Women in the Literary Market 1800-1900

 

Female Literary Genre
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Hannah More was a prolific and talented poet, playwright, essayist, and educator. She wrote extensively on female education, adapted Biblical stories for children, and produced plays, volumes of poetry, and works of religious piety. More protested throughout her life that politics was outside a woman's sphere. Yet she nonetheless used conventional literary genres to participate in public dialogues on many of the great issues of the day. She wrote in opposition to slavery and in favor of improved social support for women and the poor, and she developed a program of religious reading for the lower classes.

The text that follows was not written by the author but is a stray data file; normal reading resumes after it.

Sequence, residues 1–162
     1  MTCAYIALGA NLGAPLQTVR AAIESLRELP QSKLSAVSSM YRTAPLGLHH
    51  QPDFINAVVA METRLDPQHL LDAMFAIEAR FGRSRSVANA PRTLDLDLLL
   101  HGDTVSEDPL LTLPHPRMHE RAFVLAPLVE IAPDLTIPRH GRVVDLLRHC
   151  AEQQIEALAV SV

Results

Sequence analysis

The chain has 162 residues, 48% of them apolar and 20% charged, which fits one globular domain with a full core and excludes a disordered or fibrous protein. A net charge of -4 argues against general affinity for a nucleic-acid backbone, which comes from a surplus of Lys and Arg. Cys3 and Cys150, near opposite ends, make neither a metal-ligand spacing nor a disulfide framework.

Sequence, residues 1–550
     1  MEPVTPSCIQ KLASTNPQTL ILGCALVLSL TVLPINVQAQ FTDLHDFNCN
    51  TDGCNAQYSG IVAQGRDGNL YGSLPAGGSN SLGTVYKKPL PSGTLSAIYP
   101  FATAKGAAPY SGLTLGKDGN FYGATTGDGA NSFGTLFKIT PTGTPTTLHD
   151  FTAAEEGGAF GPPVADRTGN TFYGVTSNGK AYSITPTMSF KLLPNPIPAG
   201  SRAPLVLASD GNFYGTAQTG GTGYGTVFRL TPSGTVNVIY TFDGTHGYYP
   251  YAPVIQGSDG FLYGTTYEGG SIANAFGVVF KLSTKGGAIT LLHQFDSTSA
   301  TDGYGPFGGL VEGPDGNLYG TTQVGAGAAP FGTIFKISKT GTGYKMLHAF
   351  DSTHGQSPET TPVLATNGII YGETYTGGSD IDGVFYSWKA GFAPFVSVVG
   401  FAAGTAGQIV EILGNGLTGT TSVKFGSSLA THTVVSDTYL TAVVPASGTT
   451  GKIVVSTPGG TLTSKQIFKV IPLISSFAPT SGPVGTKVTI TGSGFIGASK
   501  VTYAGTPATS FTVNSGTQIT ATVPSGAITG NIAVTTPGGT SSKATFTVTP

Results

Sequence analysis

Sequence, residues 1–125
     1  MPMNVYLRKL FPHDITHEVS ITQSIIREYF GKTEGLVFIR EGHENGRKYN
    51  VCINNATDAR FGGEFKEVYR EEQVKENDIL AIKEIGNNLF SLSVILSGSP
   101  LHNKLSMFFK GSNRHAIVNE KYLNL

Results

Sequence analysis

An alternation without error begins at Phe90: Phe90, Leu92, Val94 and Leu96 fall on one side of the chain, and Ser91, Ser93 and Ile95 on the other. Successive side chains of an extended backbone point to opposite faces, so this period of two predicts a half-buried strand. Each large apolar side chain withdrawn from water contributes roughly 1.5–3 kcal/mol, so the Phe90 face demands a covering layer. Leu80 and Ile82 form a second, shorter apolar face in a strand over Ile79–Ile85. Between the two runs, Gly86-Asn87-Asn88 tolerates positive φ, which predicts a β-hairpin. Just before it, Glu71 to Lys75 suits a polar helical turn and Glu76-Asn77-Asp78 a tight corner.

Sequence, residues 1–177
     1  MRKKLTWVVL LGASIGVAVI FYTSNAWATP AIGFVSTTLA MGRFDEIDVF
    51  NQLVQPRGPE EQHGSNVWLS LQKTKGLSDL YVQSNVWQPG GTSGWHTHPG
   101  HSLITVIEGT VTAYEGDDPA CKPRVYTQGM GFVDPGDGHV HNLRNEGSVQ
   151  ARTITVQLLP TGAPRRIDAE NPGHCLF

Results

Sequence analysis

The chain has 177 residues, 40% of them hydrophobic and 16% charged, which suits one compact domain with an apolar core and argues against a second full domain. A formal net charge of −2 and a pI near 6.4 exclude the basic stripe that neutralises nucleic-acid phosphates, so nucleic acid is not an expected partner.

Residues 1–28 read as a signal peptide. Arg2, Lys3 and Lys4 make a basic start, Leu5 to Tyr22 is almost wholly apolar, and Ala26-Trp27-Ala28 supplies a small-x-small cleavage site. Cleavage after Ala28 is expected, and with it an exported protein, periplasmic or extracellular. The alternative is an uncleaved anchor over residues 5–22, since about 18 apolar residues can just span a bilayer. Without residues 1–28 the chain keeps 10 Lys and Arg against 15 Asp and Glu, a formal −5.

Like many women writers of the period, More exploited conventionally "feminine" genres to disguise exploration of public and political topics. She was widely read and well respected, and scholars now acknowledge that her work helped to pave the way for more progressive liberalism later in the nineteenth century.

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Hannah More, 1745-1833. Strictures on the Modern System of Female Education. London: Printed by A. Strahan, for T. Cadell, 1800.
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introduction
early role models
entering the literary market
learned poets
getting into print
charlotte bronte and george eliot
sin and sensation
new women
education
journalism
activism
L.T. Meade
the three volume format
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